Acts 2/Part 2: Invasion of the Baby Snatchers
Africans and myths quote
I saw Acts 2 in action during our time at Faith Baptist Church in Nimule, South Sudan.
Thousands of South Sudanese have fled through Nimule during the recent conflict. Many have continued on to the refugee camps of Uganda.
Others have stayed along the border in places like Nimule. Still in their country but close to the border should things get worse.
Most of the displaced/refugees in this area are from Jonglei state and the area of Bor. This is where the worst fighting occurred in December/January.
Bor State is populated most heavily with three tribes: The Dinka, Nuer, and Murle.
Much of the fighting centered on the first two tribes.
However, the Murle were often caught in this crossfire.
The Dinka and (especially) the Nuer have not had good relations over the years without the Murle.
They are disliked.
They are the subject of many myths and stories.
Over and over, they are described as the tribe “that steals babies.”
More on that later.
The tribes of South Sudan’s Equatoria states don’t mix well with their cousins to the north. This includes Nimule (with its Murle population). I’m sure most residents of the border town were more than happy to see the refugees continuing across the border into Uganda.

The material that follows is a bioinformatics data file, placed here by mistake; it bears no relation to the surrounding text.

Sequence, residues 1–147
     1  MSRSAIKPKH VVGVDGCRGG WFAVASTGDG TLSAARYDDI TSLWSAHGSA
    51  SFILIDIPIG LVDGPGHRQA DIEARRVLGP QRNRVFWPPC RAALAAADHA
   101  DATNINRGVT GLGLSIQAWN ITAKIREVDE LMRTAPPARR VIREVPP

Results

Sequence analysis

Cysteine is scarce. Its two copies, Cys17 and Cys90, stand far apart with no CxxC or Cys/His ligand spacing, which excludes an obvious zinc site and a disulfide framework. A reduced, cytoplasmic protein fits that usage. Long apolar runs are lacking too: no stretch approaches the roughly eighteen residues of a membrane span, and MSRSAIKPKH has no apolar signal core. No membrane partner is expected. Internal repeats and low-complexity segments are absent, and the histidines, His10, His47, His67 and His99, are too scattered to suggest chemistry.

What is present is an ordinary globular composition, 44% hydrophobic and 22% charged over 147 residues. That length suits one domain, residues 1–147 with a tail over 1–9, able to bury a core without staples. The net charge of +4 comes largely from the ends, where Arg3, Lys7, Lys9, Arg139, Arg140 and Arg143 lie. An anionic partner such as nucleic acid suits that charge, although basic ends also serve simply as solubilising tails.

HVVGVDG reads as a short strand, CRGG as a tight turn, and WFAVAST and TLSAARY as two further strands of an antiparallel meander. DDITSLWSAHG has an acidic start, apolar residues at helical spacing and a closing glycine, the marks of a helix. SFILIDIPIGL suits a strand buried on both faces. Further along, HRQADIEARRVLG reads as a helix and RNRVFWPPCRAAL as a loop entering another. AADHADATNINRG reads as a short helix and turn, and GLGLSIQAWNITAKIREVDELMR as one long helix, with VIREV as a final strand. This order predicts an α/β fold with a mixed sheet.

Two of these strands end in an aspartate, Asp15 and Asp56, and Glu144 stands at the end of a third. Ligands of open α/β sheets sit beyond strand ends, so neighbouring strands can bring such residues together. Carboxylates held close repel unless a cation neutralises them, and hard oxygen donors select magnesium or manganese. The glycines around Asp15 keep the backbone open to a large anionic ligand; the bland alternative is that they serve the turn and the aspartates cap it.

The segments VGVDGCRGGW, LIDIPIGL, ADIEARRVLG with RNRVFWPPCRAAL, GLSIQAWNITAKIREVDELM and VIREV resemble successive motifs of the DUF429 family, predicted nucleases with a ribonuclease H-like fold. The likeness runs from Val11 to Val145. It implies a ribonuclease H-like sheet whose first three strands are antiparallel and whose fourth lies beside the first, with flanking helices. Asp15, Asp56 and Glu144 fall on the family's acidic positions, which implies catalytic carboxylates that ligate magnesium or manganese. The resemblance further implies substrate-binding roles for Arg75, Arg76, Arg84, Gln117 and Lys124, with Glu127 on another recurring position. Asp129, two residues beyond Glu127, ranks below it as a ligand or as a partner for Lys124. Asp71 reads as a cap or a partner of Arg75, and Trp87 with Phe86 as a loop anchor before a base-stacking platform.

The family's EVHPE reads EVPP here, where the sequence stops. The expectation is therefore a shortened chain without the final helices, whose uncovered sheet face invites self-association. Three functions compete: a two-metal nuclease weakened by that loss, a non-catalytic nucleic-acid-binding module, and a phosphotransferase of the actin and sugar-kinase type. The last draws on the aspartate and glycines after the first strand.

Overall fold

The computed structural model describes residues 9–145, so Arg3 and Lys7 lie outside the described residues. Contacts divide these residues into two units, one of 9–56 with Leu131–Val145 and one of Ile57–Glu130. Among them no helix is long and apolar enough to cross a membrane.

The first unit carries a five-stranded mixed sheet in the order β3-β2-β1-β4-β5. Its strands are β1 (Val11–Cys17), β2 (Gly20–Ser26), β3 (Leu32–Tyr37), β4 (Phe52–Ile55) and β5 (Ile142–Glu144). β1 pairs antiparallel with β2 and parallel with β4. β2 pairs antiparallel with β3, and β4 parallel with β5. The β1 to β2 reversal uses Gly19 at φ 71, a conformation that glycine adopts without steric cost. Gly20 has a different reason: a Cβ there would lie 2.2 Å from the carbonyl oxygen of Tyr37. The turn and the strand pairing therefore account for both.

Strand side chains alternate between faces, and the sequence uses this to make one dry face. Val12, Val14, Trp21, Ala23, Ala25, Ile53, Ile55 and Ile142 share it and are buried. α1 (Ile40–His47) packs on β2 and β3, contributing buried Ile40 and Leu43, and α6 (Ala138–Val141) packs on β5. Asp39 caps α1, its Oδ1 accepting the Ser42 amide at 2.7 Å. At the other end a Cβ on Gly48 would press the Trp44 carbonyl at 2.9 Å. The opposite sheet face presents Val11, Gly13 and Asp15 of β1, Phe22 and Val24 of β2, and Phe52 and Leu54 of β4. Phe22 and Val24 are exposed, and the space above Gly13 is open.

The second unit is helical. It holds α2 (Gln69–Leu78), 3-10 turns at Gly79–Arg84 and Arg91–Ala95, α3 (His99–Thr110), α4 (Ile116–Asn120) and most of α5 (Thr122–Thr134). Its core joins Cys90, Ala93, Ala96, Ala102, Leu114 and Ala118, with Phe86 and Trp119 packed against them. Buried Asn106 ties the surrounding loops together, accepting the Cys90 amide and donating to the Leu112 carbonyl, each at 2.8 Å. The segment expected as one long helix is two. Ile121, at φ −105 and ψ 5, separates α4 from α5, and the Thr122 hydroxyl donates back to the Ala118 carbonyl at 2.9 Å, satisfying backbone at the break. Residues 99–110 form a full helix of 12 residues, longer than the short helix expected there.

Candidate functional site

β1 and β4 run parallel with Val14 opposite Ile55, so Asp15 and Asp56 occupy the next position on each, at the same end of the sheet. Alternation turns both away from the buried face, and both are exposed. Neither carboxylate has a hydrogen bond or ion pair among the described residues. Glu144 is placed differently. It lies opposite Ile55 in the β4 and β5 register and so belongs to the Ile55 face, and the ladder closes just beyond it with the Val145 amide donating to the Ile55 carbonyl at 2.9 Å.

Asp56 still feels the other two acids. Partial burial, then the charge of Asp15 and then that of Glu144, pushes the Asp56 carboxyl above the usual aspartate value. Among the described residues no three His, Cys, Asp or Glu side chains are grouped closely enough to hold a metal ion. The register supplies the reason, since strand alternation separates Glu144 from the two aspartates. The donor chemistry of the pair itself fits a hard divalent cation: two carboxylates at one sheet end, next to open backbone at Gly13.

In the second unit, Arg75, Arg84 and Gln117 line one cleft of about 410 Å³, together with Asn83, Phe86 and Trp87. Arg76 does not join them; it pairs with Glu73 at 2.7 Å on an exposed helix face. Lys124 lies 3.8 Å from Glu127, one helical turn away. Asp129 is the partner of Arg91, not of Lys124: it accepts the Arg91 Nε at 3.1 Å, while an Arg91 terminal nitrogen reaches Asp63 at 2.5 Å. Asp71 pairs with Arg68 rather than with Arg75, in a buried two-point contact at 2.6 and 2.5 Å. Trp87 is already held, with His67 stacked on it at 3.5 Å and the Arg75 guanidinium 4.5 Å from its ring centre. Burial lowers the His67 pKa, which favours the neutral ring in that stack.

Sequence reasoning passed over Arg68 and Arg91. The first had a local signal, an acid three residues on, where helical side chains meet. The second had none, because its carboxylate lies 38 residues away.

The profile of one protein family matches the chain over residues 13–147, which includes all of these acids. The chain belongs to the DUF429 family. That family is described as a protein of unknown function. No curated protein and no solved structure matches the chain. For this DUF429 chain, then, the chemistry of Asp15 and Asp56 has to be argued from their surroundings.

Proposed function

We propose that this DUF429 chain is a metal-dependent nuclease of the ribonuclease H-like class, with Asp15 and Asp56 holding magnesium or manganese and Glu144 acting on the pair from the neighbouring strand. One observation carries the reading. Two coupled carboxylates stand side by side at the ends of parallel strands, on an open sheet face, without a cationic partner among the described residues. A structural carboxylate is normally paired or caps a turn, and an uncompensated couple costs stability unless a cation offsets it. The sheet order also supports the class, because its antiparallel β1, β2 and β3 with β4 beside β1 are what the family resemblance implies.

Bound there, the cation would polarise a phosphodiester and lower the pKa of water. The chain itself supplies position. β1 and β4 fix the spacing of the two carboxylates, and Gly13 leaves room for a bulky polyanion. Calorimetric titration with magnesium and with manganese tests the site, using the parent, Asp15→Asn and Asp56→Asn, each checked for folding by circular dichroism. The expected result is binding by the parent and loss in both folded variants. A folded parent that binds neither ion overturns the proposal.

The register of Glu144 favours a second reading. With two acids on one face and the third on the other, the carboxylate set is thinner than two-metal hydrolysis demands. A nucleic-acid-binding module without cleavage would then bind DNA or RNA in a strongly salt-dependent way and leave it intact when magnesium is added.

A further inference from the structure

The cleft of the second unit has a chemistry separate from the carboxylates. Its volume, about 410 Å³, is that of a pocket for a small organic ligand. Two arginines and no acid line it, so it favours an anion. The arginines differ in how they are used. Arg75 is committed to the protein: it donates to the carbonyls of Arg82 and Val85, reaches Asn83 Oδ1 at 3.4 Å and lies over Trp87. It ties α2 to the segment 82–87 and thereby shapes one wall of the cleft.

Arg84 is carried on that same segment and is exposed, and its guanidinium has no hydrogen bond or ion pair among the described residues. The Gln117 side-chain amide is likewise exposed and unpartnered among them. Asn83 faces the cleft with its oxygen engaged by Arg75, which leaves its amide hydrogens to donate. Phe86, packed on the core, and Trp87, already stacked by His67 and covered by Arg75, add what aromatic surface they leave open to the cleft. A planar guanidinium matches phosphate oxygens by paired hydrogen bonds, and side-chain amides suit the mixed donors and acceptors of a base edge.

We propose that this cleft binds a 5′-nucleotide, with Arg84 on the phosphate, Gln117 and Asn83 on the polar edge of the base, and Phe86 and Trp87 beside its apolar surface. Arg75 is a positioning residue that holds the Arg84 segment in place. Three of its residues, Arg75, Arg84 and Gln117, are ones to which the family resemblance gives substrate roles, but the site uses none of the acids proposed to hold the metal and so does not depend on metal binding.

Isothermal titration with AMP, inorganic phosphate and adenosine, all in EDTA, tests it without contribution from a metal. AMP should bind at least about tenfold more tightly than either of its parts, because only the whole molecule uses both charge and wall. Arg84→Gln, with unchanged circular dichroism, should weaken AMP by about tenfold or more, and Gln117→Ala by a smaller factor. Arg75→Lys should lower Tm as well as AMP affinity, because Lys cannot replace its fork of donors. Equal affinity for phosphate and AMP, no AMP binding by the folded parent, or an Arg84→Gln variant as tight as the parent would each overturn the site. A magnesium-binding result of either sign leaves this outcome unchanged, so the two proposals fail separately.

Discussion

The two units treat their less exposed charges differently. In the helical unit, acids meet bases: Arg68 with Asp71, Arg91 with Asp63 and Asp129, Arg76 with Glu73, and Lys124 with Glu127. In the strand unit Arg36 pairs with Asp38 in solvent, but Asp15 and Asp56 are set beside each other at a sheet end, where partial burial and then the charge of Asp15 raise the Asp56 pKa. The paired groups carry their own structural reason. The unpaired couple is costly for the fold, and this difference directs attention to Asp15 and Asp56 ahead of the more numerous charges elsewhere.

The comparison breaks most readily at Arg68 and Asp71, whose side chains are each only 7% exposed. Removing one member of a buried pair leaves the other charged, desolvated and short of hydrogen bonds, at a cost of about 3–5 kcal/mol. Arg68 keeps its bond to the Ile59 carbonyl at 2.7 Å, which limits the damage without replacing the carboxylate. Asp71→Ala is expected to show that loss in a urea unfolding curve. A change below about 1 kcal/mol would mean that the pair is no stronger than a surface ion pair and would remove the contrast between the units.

But that’s not what Faith Baptist did.
A contingent of over 150 Murle refugees showed up at a Faith Baptist member’s home. They were cousins of one of her cousins. Some distant link of kinship.
Her name is ___________.
She is Madi. She could’ve sent them on their way.
But she didn’t.
Her church could’ve said. “This is not our problem.
But they didn’t.
They opened their facilities and hearts to the Murle.
Many of the Murle moved onto the church grounds.
Others were farmed out to the homes of members.
It caught my attention that the pastor and several church leaders were sleeping on the floor in the church office. They’d opened their homes to the refugees.
The more we saw of this church[MU1] , the more we thought of the closing words of Acts chapter 2.
May the same be said of us.
Myths: The Murle as Baby Snatchers
In most South-Sudanese cattle cultures, the bride-wealth system, and illegal taxing by some unscrupulous local leaders stimulates young men to find excuses to steal cows from their own cousins. Local leaders then sometimes try to quell or prevent intra-tribal fighting, by directing that aggression outward, to other tribes. Also, Murle are feared and seen by surrounding larger tribes as having strong magical powers, and therefore they are often blamed for outbreak of diseases, theft and arson.
With the country still awash with machine guns from the north-south war, ‘cattle rustling’ quickly runs out of control, killing dozens or hundreds people in tit for tat escalations. Many Nuer reason that Murle are the grand children of immigrants with much less rights to use land and graze cattle. So Murle cattle, argue some Nuer, were raised on stolen grass, so most of their cattle actually belong to the Nuer. Many Murle elders argue that often if the Dinka and Nuer are facing hunger or drought, they sell their children to the Murle in exchange for cattle, then later report to the authorities that their children have been kidnapped by the Murle.